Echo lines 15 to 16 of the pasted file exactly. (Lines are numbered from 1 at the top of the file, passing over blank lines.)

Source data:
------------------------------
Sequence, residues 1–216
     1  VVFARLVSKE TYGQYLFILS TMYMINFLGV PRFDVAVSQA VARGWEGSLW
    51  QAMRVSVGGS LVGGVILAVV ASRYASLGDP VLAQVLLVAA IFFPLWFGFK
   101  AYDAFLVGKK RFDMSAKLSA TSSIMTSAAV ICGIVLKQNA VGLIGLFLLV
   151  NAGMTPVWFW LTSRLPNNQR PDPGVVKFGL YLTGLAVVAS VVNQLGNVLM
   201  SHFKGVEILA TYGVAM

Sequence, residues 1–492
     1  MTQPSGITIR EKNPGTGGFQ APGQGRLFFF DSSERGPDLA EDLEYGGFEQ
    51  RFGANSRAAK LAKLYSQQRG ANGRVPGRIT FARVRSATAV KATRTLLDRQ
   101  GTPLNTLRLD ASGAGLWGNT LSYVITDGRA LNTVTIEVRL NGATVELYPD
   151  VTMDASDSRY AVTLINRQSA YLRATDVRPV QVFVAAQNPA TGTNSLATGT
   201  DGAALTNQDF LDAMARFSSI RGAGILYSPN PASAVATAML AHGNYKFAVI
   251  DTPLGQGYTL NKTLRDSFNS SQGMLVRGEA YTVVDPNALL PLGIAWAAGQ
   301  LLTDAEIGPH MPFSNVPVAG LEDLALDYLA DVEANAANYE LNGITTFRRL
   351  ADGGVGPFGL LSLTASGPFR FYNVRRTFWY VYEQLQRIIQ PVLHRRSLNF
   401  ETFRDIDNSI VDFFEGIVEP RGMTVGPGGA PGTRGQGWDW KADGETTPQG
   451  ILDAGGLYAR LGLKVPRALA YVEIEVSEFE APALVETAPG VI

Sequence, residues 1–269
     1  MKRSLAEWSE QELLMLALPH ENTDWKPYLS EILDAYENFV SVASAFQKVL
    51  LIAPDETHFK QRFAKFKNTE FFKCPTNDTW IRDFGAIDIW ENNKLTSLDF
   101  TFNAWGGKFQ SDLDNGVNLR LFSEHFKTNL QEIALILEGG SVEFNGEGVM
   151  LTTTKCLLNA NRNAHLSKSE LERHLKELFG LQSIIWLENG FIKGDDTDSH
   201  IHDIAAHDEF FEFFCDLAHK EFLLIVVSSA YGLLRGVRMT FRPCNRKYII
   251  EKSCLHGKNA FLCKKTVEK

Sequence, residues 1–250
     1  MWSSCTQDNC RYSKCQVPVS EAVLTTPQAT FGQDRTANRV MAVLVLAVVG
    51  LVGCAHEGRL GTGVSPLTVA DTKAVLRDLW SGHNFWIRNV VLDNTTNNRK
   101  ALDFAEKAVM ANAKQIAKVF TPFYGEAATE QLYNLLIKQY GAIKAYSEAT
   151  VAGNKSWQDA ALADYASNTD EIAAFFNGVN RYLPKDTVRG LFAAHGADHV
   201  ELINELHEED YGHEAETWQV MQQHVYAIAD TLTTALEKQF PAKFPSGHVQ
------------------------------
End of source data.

   351  ADGGVGPFGL LSLTASGPFR FYNVRRTFWY VYEQLQRIIQ PVLHRRSLNF
   401  ETFRDIDNSI VDFFEGIVEP RGMTVGPGGA PGTRGQGWDW KADGETTPQG